Angela from Aurora writes, “What’s driving you crazy? I have a traffic intersection that is driving me crazy, and I was thinking you might find it interesting. Let's say you’re exiting northbound I-225 onto Alameda and you want to make a U-turn to get back onto the highway in the southbound direction. But when you go and make your U-turn, you end up turning onto the ramp while people making the right turn from Alameda have a green arrow at the same time as my green left turn arrow. There are no signs indicating the U-turn is not allowed. I feel like this is just an accident waiting to happen.”
That is a tricky and very unique interchange Angela. Before we address that U-turn, let’s talk about why that U-turn is even possible. The Alameda/I-225 intersection is an offset SPUI. SPUI is short for Single Point Urban Interchange. According to the Transportation Research Board, the SPUI was developed to improve traffic capacity while requiring less right-of-way than the more traditional diamond interchange. A diamond interchange has the exit and entrance ramps on either side of a bridge like the interchange just down the road at I-225 at Mississippi.
The configuration of a typical SPUI allows for turning movements to be executed in one central area that is either on the overpass or underpass. An example in metro Denver would be the interchange of I-25 at University or C-470 at Morrison Road. According to the engineering company SEH, the first SPUI sprang up in 1974 in Clearwater, Florida.
Since the single interchange point on Alameda at I-225 is on the east side of the bridge and not in the center, it is referred to as an offset SPUI. CDOT engineers designed it that way to allow for enough distance between the existing signaled intersection of Almeda at Potomac and the relatively new interstate interchange. SPUIs were a popular choice for traffic engineers for many years because they increase capacity and therefore can accommodate more vehicles compared to conventional diamond interchanges. Since a SPUI has one signalized intersection, it allows for a simpler phasing sequence for signal control. This also makes it easy for a SPUI to be coordinated with upstream and downstream signals.
The design of the unique interchange is what allows you to make that U-turn. However, that U-turn that you are doing Angela can be a dangerous move. While it is possible, and according to Aurora police not an illegal turn, it is not advised. Aurora Police tell me while there aren’t specific signs saying that a U-turn is not allowed, there is a sign that does say that drivers are only allowed to turn left. Additionally, there is a right-hand turn green light for the cars traveling on eastbound Alameda to turn onto southbound I-225.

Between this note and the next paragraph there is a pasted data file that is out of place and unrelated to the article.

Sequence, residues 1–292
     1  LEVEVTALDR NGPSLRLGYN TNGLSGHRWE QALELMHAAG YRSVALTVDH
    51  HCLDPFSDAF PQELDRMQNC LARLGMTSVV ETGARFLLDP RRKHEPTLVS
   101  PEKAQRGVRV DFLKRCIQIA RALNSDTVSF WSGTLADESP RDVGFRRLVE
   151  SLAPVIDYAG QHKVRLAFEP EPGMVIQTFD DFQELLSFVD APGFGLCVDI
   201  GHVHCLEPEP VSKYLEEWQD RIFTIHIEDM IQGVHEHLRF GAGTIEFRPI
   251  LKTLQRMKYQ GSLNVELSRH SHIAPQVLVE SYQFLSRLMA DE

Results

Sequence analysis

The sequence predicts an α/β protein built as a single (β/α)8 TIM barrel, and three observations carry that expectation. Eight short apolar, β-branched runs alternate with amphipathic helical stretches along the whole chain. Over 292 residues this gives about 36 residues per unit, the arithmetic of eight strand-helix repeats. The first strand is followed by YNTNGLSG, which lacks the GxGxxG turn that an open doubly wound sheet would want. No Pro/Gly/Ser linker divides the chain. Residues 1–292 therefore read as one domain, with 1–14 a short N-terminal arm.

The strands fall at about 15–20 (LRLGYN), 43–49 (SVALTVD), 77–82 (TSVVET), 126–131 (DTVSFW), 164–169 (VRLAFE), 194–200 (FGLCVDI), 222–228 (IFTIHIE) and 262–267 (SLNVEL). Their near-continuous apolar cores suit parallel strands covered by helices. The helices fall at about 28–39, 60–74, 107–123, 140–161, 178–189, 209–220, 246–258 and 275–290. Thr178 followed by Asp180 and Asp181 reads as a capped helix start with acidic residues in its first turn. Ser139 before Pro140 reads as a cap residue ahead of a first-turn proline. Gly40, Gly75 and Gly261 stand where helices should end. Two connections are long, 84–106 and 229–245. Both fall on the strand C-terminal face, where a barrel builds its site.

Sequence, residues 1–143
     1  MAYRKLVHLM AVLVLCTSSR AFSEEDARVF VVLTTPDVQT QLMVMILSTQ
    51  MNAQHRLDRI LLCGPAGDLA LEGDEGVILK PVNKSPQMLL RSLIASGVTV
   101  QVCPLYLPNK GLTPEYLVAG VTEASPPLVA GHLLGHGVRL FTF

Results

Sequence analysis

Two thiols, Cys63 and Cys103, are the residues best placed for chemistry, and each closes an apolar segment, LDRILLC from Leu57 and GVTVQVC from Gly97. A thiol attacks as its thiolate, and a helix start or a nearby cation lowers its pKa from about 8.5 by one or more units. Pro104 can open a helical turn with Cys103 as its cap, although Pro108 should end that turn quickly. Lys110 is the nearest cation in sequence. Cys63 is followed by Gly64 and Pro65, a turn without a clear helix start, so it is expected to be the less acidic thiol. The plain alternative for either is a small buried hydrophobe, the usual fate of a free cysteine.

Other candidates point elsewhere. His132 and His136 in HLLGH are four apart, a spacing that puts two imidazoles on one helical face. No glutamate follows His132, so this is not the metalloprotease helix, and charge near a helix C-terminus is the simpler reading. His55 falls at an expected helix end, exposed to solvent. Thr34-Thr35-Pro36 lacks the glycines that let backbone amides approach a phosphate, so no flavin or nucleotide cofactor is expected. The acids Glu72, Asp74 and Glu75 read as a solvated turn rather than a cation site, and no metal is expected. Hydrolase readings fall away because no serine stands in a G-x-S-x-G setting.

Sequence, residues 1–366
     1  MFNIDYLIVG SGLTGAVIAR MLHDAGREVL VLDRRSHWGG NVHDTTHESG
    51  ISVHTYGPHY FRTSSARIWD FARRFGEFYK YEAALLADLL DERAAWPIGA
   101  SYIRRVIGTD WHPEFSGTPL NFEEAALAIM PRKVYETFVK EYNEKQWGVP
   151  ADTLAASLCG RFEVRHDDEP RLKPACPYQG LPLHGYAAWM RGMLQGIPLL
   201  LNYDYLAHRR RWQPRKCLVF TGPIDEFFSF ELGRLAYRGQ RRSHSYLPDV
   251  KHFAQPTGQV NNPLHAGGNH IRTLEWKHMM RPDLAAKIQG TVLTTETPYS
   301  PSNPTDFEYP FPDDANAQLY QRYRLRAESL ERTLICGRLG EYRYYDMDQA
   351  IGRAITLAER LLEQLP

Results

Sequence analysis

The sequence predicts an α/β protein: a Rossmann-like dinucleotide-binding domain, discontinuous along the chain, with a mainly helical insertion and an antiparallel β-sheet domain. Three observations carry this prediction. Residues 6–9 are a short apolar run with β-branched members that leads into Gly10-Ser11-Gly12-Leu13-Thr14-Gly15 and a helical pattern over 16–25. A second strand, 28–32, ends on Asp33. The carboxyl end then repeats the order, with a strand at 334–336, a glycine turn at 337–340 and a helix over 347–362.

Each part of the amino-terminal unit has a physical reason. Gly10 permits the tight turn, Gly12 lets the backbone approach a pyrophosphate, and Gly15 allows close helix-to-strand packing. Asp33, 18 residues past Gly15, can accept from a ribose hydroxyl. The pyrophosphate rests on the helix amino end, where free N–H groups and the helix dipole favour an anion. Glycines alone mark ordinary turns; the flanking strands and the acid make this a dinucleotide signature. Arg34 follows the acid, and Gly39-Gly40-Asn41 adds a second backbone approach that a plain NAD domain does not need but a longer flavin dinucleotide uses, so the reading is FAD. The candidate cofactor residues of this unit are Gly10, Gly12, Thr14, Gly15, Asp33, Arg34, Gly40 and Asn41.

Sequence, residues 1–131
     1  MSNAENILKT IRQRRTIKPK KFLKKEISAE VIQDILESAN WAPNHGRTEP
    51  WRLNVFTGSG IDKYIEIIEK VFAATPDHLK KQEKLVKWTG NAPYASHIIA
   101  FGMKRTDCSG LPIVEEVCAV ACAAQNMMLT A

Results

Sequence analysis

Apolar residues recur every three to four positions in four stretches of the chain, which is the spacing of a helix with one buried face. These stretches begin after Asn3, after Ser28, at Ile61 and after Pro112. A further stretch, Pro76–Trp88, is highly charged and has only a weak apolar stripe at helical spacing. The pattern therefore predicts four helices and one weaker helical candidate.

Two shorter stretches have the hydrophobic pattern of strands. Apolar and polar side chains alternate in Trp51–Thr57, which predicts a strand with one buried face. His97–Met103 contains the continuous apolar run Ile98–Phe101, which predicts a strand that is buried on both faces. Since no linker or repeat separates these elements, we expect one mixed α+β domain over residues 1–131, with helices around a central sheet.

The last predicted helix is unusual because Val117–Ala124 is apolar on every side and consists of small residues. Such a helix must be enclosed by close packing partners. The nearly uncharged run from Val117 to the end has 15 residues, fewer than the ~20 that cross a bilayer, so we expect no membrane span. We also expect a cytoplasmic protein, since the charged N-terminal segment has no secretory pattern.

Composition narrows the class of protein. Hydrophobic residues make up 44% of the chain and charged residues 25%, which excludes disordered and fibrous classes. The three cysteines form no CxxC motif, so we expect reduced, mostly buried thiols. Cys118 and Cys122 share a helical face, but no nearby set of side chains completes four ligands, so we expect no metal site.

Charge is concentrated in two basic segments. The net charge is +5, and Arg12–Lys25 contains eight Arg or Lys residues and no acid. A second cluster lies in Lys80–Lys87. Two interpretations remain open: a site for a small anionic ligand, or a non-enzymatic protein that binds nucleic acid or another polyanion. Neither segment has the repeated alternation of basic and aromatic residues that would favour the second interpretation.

The turn is a bit tricky because you first have to be in the far left lane as you come onto the exit ramp. Then, as the green left turn arrow comes on and you start to make that U-turn, you have to be mindful of any eastbound drivers on Alameda who might make a right turn onto that ramp as the same time as you. As you referenced, it is an accident waiting to happen. Aurora police tell me while you should always proceed with caution through an intersection, green light or not, they believe since the sign says left turn only, you could ultimately be at-fault for making an improper turn if involved in a wreck.
One officer suggests making a regular left onto Alameda, turn left onto Potomac and use the parking lot at Potomac/Alameda as a way to get going east on Alameda and to the southbound I-225 ramp. Another easy way is to take a right on Alameda then the quick right on Abilene Ct next to the old Village Inn. Then a right on Abilene Street. Take that to Mississippi, go right and then turn left on the southbound I-225 ramp.
Incidentally, the Alameda bridge over I-225 is relatively new and is vital to moving traffic in the growing City of Aurora. The I-225 interstate spur was originally constructed without an interchange at Alameda. It was November 1997 when voters approved the construction of a $20 million interchange. It was December 1999 when construction of the second phase of the I-225 Alameda interchange project began and completed in March 2001. It was 2002 when the new interchange at Alameda and I-225 opened to traffic.
Denver7 traffic anchor Jayson Luber says he has been covering Denver-metro traffic since Ben-Hur was driving a chariot. (We believe the actual number is over 20 years.) He's obsessed with letting viewers know what's happening on their drive and the best way to avoid the problems that spring up. Follow him on Facebook, Twitter or Instagram or listen to his Driving You Crazy podcast on iTunes , Stitcher , Google Play or Podbean.